There has been a “huge decrease” in potential stem cell donors, a charity has warned.
Blood cancer charity DKMS said that the number of new people signing up to its register has fallen by 40% this year compared with the same timeframe in 2020.
Data from the organisation, shared with the PA news agency, shows that this year to October 20 there were 115,005 new registrations.
By October 20, 2020, a total of 190,556 people had signed up.
Jonathan Pearce, chief executive of DKMS UK, said: “We have witnessed a huge decrease in registrations since the pandemic took hold.
“With only one in four people finding a match within their family, thousands of families each year rely on the kindness of a stranger to save their loved one’s life.
“The more people we have on the blood stem cell register, the more chance there is of finding that perfect match.”
One family from north London is making a personal plea for people to sign up.
Father-of-two Hedley Dindoyal, 50, from Friern Barnet, was diagnosed with non-Hodgkin lymphoma in May 2020.
After various courses of treatment Mr Dindoyal, who was born in Britain but whose family originate from Mauritius, was told his last option would be through a blood stem cell transplant from an unrelated donor.
But he faces shorter odds of finding a perfect match due to his heritage.
“I have two beautiful children, Milo, 12, and Jasmine, nine, who need me, and I want to be there to guide them through their lives and watch them grow up, with my wife, Lucy, by my side,” he said.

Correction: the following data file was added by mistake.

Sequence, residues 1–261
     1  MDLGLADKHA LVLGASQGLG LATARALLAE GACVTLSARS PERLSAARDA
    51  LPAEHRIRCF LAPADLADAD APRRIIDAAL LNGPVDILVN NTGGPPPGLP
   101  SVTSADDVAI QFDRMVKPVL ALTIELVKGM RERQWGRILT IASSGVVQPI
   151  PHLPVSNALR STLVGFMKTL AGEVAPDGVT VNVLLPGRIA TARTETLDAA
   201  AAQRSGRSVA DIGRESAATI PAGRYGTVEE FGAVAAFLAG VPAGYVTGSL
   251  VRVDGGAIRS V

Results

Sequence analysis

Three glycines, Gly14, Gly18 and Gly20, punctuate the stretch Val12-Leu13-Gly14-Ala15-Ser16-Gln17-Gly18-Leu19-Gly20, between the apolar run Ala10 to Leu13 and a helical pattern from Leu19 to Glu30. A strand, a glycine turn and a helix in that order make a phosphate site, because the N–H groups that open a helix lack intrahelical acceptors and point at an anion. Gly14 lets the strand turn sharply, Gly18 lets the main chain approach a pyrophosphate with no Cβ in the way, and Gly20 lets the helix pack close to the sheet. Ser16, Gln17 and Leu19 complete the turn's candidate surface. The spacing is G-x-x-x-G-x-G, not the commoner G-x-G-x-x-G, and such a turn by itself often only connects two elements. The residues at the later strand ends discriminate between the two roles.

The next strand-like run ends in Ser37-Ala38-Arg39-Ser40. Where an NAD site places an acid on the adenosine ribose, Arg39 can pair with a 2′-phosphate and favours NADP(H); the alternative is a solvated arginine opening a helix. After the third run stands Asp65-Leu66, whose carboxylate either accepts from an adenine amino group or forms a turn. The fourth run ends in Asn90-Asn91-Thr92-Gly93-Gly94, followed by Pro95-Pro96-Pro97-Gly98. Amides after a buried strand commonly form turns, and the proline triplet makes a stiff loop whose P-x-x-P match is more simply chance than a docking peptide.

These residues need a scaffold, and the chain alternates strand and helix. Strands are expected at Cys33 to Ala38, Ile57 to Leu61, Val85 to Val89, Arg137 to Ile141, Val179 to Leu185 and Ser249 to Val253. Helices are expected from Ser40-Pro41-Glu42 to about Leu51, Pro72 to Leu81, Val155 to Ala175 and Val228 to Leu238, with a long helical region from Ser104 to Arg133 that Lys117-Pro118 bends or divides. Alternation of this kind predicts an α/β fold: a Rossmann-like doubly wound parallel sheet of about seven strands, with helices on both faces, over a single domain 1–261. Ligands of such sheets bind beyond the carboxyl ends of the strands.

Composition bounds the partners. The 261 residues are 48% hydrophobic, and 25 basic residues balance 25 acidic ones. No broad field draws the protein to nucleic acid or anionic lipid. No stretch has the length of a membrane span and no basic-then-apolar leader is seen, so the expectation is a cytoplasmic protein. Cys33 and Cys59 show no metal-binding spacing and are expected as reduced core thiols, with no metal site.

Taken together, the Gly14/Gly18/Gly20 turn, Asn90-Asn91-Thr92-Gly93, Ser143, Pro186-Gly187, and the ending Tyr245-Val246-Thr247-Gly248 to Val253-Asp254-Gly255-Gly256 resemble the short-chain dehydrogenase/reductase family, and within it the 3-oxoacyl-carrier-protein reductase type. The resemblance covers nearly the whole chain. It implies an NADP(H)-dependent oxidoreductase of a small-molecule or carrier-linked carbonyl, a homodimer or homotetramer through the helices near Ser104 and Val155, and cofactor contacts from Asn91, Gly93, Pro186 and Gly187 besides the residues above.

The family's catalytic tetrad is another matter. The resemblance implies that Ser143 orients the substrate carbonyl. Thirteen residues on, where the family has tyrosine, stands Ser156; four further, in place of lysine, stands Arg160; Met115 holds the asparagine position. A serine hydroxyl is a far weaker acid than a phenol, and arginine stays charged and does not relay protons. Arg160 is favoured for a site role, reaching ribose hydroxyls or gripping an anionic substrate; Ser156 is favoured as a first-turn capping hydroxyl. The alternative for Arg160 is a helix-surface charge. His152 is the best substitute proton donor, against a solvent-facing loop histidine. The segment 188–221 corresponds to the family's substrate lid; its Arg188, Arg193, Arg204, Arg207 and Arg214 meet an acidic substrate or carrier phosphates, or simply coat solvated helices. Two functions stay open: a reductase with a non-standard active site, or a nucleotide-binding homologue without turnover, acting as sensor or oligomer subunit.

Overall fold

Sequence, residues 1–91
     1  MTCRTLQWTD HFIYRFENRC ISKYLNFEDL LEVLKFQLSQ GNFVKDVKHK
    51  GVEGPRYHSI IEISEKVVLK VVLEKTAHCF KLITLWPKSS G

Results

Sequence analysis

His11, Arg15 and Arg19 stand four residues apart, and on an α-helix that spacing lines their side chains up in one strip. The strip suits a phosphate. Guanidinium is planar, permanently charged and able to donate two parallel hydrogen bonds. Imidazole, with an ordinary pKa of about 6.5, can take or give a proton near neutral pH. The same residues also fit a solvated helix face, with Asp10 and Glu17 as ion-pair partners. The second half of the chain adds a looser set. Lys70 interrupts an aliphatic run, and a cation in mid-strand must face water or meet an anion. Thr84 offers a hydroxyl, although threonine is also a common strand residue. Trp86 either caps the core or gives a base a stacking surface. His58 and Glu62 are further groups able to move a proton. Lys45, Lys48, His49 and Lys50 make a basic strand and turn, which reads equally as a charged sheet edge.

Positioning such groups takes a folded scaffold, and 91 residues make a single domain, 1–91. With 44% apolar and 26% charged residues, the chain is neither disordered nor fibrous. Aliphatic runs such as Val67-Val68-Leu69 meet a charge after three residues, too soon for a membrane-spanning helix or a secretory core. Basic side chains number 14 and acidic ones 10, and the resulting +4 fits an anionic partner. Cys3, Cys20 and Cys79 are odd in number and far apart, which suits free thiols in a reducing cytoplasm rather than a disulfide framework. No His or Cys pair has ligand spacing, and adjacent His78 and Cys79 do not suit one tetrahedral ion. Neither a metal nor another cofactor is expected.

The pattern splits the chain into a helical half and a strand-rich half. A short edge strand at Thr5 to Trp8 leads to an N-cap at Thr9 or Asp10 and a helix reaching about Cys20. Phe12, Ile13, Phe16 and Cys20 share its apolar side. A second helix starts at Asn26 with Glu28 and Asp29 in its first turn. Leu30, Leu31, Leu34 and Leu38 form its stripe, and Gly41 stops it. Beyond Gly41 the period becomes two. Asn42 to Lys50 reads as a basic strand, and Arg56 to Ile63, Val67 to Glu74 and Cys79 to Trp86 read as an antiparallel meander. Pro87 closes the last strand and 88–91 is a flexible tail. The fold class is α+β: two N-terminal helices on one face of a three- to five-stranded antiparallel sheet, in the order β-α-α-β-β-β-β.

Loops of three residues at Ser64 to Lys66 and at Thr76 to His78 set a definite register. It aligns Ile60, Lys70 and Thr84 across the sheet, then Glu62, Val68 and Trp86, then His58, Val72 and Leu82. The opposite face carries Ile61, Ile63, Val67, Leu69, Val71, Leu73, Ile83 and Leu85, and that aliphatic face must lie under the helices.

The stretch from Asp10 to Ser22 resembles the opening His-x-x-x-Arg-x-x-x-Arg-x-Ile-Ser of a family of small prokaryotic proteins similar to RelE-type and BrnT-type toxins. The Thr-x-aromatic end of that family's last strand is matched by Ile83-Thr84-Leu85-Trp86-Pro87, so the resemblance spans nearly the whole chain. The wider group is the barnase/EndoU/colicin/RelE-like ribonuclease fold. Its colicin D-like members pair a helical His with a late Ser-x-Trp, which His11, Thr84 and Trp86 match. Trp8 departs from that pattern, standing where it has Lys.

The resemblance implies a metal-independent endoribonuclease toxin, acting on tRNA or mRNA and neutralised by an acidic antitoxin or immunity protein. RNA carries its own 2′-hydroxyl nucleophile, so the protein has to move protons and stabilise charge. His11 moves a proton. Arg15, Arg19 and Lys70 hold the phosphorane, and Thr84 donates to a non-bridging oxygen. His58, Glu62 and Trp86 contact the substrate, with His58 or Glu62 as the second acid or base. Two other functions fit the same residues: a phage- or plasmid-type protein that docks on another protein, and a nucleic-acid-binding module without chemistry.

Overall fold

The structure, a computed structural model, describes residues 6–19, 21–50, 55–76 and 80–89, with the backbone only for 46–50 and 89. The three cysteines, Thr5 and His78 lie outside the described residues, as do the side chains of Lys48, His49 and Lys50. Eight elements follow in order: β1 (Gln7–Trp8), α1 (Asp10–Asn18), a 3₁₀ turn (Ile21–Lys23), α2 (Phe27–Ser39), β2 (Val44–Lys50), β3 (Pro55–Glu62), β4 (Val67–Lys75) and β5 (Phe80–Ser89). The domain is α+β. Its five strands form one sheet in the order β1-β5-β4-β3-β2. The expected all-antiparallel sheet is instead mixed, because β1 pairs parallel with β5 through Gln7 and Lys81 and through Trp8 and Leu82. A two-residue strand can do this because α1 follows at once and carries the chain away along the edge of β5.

“I am now on my third cancer treatment, which will need to be consolidated with a stem cell transplant from an unrelated donor, to keep the lymphoma away for good, and give me back my life.
“But as a British-born Mauritian, I am looking for a donor on a register, knowing there is less likely to be a match from my own ethnic background.
“So I am especially appealing for people from an Indian, black or Chinese background to come forward.”
Mr Pearce added: “Blood cancer patients from Black, Asian or minority ethnicity groups face even more daunting odds due to the lack of donor diversity.
“These patients have just a 20% chance of finding the best possible stem cell donor match, compared to 69% for northern European backgrounds.
“At DKMS, we are dedicated to the fight against blood cancer and in the UK we are proud to have registered over 870,000 blood stem cell donors.
“Yet we still need many more registrations to meet the demand from people desperately seeking a vital donation from a complete stranger.”
People aged between 17-55 and in general good health can sign up for a home swab kit online at https://www.dkms.org.uk/register-now.
The swabs are returned in pre-paid envelope to DKMS to add a person’s details to the UK’s aligned stem cell register.